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Part 1: 1450-1750
Part 2: 1750-1805
Part 3: 1791-1831
<---Part 4: 1831-1865

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Modern Voices
Eric Foner on the role of westward expansion
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Q: What is the relationship between slavery and westward expansion?
Eric Foner

A: Slavery was intimately related to the major trends [and] developments that we associate with American history in the first half of the 19th century. For example, territorial expansion, the westward movement, the frontier. The country grew tremendously in this period until, by the 1840's, it reached the Pacific Ocean. Frederick Jackson Turner, the great historian of the late 19th century, said it was on the frontier that democracy was born, that American ideas of equality were born, individualism.

But the frontier also carried with it the expansion of slavery. The westward expansion of slavery was one of the most dynamic economic and social processes going on in this country. The westward expansion carried slavery down into the Southwest, into Mississippi, Alabama, crossing the Mississippi River into Louisiana. Finally, by the 1840's, it was pouring into Texas. So the expansion of slavery, which became the major political question of the 1850's, was not just a political issue. It was a fact of life that every American had experienced during this period.

Americans in the 19th century thought of or spoke of their country as in Jefferson phrase -- an "empire of liberty." And the history of the United States was conceived of as part of the progress of mankind and the spread of liberty throughout the world. And you can see this in graphic illustrations of the period -- of liberty leading people westward. And progress was the essence of the American story.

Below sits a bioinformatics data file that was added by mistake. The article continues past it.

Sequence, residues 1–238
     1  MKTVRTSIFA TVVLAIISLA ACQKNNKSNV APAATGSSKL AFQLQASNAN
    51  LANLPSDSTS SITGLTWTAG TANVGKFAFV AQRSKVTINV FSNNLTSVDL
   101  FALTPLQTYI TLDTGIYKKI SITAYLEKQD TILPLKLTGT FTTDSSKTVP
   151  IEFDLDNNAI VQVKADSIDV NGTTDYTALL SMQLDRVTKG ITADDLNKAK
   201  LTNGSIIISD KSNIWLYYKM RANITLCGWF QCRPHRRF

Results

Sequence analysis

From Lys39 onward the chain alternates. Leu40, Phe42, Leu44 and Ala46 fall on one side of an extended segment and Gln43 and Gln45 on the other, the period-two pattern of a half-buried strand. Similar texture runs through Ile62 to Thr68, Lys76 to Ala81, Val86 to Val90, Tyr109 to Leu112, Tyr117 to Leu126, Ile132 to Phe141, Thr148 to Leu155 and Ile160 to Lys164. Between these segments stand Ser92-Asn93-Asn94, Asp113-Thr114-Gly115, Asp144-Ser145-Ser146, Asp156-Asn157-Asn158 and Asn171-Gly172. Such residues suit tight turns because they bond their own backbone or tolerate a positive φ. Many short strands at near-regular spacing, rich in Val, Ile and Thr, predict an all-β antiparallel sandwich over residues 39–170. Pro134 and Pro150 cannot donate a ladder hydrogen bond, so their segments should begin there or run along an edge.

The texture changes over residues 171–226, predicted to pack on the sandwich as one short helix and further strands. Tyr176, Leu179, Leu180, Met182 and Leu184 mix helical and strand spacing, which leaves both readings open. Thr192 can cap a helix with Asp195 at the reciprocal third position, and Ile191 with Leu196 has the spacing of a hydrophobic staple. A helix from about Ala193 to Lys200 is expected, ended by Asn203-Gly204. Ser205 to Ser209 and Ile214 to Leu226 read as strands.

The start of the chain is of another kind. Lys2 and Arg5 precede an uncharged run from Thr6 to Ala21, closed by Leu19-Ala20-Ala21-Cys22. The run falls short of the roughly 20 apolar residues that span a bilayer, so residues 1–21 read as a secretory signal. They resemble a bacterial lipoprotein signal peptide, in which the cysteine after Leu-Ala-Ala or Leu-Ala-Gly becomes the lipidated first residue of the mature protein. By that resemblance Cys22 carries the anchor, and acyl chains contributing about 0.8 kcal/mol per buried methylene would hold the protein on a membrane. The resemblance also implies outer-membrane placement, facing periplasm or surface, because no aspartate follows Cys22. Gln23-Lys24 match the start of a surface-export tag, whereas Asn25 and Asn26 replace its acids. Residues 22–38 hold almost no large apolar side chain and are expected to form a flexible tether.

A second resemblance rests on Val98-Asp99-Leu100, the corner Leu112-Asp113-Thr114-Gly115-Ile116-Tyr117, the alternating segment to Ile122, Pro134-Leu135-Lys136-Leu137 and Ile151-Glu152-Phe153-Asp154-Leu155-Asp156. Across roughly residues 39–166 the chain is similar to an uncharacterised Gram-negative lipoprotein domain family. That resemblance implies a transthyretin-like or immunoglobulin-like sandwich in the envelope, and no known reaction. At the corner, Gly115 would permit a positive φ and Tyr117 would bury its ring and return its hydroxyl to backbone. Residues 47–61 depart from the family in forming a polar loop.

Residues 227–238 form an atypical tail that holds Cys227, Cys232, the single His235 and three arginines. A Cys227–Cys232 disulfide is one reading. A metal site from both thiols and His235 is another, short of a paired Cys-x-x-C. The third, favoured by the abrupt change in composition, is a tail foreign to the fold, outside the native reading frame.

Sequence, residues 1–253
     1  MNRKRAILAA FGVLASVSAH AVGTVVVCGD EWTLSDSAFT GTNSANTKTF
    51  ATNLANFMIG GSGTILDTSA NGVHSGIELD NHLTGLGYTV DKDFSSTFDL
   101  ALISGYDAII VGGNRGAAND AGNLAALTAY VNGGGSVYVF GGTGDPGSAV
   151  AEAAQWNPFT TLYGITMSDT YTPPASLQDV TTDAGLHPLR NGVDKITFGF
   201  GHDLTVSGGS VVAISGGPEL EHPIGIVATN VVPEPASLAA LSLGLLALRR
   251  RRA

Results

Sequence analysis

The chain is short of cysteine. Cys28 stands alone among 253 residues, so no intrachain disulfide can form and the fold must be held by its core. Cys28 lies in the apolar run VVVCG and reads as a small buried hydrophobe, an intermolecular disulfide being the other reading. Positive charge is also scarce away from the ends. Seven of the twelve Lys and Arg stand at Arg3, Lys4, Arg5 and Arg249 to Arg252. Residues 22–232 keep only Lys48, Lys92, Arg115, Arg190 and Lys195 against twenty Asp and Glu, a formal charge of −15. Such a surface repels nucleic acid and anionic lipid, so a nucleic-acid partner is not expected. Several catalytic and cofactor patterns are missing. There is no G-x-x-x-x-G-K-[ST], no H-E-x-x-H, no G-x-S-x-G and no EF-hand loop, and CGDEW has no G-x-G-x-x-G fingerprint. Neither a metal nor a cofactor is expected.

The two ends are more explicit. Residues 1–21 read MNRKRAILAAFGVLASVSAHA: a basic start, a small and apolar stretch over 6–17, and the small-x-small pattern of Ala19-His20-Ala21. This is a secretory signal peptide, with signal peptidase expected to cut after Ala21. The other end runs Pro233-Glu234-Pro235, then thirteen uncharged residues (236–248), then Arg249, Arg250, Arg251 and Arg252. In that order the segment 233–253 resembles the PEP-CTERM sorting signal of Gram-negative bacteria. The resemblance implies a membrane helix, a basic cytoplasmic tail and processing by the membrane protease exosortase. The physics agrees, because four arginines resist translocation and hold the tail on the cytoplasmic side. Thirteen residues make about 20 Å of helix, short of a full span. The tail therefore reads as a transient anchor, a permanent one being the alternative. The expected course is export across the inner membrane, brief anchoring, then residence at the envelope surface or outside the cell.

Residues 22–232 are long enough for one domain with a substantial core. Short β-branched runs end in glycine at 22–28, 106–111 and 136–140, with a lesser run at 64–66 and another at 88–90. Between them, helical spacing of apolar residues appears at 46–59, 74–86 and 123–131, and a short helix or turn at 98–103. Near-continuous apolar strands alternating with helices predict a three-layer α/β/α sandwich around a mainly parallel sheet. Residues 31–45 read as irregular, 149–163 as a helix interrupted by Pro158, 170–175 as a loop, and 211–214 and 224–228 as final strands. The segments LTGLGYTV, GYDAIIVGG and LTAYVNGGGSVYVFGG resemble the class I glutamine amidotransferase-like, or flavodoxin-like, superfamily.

Now, in the South, southern slaveowners insisted that slavery was absolutely essential to that story of progress. Without slavery, you could not have civilization, they said. Slavery freed the upper class from the need to do manual labor, to worry about economic day-to-day realities, and therefore gave them the time and the intellectual ability to devote themselves to the arts and literature and mechanical advantages and inventions of all kinds. So that it was slavery itself which made the progress of civilization possible.

Now, northerners by this period wouldn't have put it exactly that way, because they lived in a non-slave area. But I think in the North, the connection of slavery and American growth was really sort of ignored. In other words, people would talk about the expansion of the "empire of liberty" and never quite mention that millions of people in this "empire of liberty" were slaves.
Eric Foner
Professor of History
Columbia University




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